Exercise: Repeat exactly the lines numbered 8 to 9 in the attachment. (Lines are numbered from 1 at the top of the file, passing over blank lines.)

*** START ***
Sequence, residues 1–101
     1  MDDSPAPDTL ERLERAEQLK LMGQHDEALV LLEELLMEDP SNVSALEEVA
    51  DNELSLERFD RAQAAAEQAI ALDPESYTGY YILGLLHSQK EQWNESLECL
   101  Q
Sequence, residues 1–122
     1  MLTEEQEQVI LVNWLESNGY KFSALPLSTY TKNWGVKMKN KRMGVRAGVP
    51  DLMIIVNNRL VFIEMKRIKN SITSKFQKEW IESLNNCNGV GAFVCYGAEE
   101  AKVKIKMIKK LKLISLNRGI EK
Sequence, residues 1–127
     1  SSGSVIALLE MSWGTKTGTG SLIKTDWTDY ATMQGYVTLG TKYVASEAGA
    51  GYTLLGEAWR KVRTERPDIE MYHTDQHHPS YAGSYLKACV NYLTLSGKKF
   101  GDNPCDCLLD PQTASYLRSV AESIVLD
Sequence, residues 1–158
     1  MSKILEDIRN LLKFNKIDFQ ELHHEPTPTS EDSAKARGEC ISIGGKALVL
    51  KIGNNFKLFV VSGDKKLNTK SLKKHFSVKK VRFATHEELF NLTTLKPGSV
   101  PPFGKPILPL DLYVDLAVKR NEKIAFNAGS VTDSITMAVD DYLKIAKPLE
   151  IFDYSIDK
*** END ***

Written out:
   101  AKVKIKMIKK LKLISLNRGI EK
Sequence, residues 1–127